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A Retro-Grouch's Bold Leap Forward

Who says there is no drama in the life of a retro-grouch? Every now and then, the retro-grouch finally decides to give in on something that 99% of the population gave in on, years ago. There is a gravitas and honour to this ritual.

How many years has it been (?) since Sony tried suckering the world into more expensive Blu-Ray discs, rather than perfectly adequate DVD discs, which are excellent when played in an up-converting DVD player.

It was probably ye olde "Give 'em the razor -- sell 'em the blades" business model. Oddly enough, many of the customers resisted this trap. Why pay twice as much for a Blu-Ray disc, when up-converting DVD players and HDMI televisions produced excellent results?

But over the last decade, DVD players became cheap throw-aways. They are as noisy as a lawnmower, to the point of distracting the viewer from the movie. Also, Walmart started putting inexpensive Blu-Ray discs in a bin. I reasoned that Blue-Ray players must be built to better tolerances, and with better components. Thus I finally surrendered to 'progress.'

But what would be the first movie that I bought for this new Blu-Ray player? Only 1 out of 50 movies in Walmart's cheapie bin is worth getting. I always look for classics or at least semi-classics. Howard Hawks's "Rio Bravo" seemed the best I could do.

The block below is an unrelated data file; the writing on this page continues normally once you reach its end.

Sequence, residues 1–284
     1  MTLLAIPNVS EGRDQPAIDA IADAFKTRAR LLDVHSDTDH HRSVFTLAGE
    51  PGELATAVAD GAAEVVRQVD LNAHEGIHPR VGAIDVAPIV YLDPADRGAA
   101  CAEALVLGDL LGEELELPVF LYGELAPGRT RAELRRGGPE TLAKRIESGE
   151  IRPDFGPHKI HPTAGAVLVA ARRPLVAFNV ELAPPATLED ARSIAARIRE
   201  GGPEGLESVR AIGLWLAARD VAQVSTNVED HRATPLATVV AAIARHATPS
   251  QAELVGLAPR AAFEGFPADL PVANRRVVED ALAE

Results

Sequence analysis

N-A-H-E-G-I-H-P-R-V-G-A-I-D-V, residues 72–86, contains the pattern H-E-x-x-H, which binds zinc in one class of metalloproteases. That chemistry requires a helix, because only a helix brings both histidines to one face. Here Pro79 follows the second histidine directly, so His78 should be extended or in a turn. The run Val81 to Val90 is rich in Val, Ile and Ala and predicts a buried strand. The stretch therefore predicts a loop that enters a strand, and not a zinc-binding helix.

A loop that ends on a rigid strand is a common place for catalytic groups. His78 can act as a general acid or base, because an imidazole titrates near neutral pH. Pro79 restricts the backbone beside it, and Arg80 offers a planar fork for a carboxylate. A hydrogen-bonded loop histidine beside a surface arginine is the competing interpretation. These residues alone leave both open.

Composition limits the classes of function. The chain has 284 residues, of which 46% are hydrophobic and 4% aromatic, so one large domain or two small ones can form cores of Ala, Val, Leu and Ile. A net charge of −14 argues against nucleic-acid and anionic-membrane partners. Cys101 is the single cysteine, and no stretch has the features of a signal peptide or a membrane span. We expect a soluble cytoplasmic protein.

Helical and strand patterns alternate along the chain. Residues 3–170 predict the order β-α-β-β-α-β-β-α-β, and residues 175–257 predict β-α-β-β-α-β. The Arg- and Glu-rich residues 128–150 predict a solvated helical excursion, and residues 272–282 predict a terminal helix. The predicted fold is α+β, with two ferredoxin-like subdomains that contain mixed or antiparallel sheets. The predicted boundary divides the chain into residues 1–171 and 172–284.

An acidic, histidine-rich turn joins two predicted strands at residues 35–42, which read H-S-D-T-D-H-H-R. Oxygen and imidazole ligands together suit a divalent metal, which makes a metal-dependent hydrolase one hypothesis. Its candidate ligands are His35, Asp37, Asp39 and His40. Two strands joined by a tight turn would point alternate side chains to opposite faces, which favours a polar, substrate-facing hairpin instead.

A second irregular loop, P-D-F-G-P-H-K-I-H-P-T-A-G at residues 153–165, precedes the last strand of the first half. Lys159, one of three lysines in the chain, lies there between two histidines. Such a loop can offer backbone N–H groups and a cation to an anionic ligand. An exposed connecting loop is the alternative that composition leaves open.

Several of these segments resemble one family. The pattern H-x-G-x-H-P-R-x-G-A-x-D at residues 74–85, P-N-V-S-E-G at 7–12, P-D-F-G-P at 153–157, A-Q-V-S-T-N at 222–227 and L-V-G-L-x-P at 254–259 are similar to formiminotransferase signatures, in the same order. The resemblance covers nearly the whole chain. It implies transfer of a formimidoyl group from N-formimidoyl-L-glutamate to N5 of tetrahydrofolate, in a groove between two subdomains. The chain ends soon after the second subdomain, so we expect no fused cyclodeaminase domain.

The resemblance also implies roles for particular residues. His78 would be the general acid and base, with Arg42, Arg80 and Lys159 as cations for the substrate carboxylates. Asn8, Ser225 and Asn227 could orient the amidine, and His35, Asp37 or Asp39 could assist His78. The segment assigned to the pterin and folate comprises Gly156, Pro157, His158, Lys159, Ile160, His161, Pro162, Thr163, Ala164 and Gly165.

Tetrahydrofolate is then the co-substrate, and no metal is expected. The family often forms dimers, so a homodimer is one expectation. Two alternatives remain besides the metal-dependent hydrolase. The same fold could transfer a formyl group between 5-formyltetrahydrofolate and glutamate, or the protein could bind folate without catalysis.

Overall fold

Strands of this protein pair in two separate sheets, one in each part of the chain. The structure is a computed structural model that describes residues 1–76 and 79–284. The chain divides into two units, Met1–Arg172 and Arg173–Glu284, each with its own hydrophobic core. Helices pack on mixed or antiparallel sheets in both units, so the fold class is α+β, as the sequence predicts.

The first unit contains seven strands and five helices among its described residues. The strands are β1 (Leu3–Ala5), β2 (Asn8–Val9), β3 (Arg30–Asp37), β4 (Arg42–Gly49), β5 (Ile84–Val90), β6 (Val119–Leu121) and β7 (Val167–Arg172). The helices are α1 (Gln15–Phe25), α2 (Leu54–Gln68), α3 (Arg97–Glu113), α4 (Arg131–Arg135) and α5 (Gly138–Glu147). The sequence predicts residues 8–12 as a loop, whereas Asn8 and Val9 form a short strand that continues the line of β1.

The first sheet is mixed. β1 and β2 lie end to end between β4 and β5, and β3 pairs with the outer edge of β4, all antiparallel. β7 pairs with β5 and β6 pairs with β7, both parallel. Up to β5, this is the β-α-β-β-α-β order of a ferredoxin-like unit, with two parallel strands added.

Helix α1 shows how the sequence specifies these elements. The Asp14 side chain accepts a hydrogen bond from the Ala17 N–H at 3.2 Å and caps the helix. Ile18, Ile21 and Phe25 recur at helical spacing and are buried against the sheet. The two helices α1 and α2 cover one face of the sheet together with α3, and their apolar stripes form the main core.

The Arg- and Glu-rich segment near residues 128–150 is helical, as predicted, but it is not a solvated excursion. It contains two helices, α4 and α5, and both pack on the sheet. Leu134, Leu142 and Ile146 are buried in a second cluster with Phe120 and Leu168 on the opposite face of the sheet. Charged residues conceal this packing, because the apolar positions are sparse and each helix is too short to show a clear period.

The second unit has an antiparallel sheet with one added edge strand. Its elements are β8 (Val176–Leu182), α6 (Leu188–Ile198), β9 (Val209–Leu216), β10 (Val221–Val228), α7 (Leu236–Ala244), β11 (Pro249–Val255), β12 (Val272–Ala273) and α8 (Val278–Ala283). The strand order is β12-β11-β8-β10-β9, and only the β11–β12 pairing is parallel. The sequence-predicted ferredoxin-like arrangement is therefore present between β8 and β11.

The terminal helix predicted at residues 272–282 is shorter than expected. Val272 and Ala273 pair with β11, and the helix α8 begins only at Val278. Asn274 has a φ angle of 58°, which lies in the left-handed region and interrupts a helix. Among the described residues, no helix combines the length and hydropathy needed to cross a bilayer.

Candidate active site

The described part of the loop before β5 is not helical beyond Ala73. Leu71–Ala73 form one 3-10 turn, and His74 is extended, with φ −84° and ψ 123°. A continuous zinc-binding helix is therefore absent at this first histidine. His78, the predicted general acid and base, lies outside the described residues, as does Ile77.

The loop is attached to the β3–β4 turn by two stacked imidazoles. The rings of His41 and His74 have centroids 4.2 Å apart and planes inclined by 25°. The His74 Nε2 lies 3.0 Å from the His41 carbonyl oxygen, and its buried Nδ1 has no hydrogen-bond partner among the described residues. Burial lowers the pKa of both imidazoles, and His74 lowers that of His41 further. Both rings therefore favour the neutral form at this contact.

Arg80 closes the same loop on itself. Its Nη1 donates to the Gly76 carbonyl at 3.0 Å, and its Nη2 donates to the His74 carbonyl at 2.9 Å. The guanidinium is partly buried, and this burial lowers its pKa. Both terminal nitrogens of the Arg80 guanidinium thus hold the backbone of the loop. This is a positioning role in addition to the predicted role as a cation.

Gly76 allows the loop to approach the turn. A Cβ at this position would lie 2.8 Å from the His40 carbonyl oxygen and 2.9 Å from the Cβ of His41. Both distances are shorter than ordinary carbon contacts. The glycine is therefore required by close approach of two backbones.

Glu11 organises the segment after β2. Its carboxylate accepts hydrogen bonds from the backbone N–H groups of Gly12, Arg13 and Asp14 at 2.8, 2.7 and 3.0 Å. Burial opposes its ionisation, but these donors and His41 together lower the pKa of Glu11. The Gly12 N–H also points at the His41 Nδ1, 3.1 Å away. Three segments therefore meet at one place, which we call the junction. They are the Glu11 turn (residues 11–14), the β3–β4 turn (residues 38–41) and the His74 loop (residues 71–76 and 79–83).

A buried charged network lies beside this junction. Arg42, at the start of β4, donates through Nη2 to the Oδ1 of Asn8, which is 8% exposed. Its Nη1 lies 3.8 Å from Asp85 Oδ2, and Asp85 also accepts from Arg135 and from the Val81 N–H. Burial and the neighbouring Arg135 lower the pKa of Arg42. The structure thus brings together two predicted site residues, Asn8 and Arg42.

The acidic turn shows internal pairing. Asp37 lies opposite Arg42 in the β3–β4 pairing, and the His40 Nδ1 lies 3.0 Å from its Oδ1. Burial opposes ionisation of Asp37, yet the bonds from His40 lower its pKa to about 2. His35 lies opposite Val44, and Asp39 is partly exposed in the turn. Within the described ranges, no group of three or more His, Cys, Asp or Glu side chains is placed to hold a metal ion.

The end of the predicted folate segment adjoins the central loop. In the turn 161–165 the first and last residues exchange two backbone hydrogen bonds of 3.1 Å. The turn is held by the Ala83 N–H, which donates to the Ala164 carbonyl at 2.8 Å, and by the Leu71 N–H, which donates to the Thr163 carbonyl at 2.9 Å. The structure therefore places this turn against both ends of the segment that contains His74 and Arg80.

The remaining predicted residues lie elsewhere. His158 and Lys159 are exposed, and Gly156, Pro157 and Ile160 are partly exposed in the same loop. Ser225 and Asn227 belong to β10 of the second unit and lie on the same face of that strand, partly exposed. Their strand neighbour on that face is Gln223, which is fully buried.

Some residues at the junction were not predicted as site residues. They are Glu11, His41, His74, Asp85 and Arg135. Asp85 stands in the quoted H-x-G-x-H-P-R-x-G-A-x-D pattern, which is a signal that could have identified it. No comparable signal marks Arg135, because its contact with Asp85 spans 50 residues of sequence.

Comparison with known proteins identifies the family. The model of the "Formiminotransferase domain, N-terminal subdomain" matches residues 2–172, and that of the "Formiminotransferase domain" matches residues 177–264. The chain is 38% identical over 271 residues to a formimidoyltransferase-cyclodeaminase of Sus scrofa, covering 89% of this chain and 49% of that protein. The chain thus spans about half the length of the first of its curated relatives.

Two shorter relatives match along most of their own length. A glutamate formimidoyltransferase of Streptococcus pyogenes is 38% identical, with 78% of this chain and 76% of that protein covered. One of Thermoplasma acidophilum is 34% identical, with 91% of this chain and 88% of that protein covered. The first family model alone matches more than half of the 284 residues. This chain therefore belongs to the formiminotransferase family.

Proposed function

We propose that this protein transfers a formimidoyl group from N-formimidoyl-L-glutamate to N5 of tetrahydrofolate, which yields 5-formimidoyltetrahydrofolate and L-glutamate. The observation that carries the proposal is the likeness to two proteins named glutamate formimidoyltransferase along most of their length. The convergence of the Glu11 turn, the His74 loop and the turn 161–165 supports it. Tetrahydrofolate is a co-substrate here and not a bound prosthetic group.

When I popped it into the Blu-Ray player, my retro-grouchery was immediately validated: I couldn't tell much difference between a Blu-Ray and an up-converted DVD disc. So I was wise to hold off for years and years.

But at least the movie pleased me. More on that later.

But say, this is the Nth time in my life that retro-grouchery has proven beneficial. Why doesn't everybody do it?


del said…
Yep - retro-grouchery wins on this issue for sure. Unless you have a really big TV and multi-speaker sound system blu-rays are a waste of money. On small screens most people would be hard pressed to tell the difference between a cleanly encoded DVD and a blu-ray. There's just not enough pixels in the smaller displays for the extra detail to be visible, so most of the information you're paying for with blu-rays is discarded.

- Dave
...and my television screen is a 13" diagonal HDMI. It is used at arm' length from my eyeballs. And uses about 1.1 Amp at 12 VDC.
Sondra said…
I still have and use my VHS player!
My goodness, Sondra, those VHS tapes must be pretty stretched out by now! And what are you going to do when your local VHS player repair facility closes? (grin)
John V said…
Every once in a while we see VHS tapes at garage sales. We always wonder if anyone still has one. I can see the interest in albums and record players, but VHS takes some real commitment!